Dynamic phasor method was firstly presented in [20]; its application for modeling of DC system, through Fourier series expansion, has been mainly used for harmonic analysis of hybrid AC/DC system [2126].

Small signal linearized model was established by applying the actual sampling data to model the DC transmission system in the reference frame [19, 27]. It is able to take into account the nonlinear dynamic characteristics of the converters but only suitable for the small signal dynamic analysis, which cannot directly be transplanted to the electromechanical transient stability simulation problem.

Classical QSS model for the DC transmission and its controlling system has the advantage of fast computation; thus it has been widely used in hybrid AC/DC system simulation [28]. Although several techniques have been presented to improve the accuracy, such as adopting different step lengths during simulation [29], classical QSS model would still give wrong results under asymmetric faulted condition. To deal with the DC system modeling problem for transient stability simulation, a modified quasi-steady state (MQSS) model for DC system is established in this study.

The structure of the paper is as follows. The next section introduces the error causes for the classical QSS model. The modified QSS model is presented in Section 3; it uses the integral of the actual half-cycle voltage on the DC terminals and then calculates the average DC voltage, commutation angle, and the extinction advance angle accordingly. Effectiveness of the proposed model is tested on CIGRE HVDC benchmark system in Section 4, by comparing with the simulation results of EMT simulation software PSCAD/EMTDC. Finally, the conclusions are given in Section 5, which show that the proposed MQSS model has higher accuracy than classical QSS model, while increasing very limited computational complexity.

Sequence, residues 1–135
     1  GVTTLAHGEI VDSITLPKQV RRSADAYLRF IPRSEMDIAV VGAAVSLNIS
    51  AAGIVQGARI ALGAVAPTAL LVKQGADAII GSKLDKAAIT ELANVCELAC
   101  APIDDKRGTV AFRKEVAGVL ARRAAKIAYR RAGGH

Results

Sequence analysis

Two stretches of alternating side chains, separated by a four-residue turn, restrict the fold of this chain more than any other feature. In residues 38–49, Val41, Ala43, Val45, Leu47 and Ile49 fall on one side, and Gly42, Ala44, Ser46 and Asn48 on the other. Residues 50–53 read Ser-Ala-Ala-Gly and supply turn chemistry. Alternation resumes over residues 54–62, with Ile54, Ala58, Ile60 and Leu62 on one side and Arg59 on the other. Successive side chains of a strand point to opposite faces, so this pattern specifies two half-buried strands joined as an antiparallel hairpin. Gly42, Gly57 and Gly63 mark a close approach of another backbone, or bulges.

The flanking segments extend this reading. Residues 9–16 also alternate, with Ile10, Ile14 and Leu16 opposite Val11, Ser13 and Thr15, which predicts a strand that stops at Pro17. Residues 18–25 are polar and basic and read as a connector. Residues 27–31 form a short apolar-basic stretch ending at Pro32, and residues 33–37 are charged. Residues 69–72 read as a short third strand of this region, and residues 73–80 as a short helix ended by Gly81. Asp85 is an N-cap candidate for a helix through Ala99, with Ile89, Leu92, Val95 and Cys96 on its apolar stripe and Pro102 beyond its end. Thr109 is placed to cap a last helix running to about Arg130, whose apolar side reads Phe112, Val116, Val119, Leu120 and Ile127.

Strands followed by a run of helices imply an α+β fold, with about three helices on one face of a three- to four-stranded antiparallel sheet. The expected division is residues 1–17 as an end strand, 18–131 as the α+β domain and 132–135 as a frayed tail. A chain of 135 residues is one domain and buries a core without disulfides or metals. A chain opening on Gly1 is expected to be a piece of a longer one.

2. Classic QSS Model of DC System

The basic function of DC transmission system is to complete the AC to DC (rectifier) and DC to AC (inverter) conversion and transmission of electrical energy [30]. Taking the single bridge rectifier as an example, the connection topology of the converter system is shown in Figure 1. The single bridge converter has six bridge arms; each bridge arm is composed of one thyristor valve together with its triggering pulse control circuit. The most important advantage of DC system lies in its capability of controlling the converters’ firing angles to adjust the operation mode of power systems very quickly.

Figure 1: The principal wiring diagram of single bridge rectifier.
2.1. Converter Bridge Model

This section describes the classical quasi-steady state model succinctly [31]. First of all, it is necessary to introduce the assumptions for classical QSS model as follows:(1)The AC system is assumed to be three-phase symmetric sinusoidal system, with a frequency of 50 Hz (60 Hz in other countries or regions), regardless of the harmonics and the influence of the neutral shift.(2)The inductance value of the series smoothing reactor on DC side is large enough, and the performance of DC filters is ideal, so that the influence of the ripples can be neglected in the direct current.(3)The converter transformer is thought of as ideal, regardless of the saturation effect, excitation impedance and copper loss, and so forth.(4)The characteristics of thyristor valves are ideal, namely, the voltage drop during conducting state and the leakage current during blocking state can be ignored, and the six valves are triggered to enter the conducting state in turn with an equal time interval of 1/6 cycle.

Define the firing delay angle as and commutation angle as ; then the DC voltage of both ends of the rectifier to the neutral point can be shown in Figure 2, where , , and denote the three-phase symmetric voltage on the AC side of rectifier and the symbol of means that valve commutates to valve .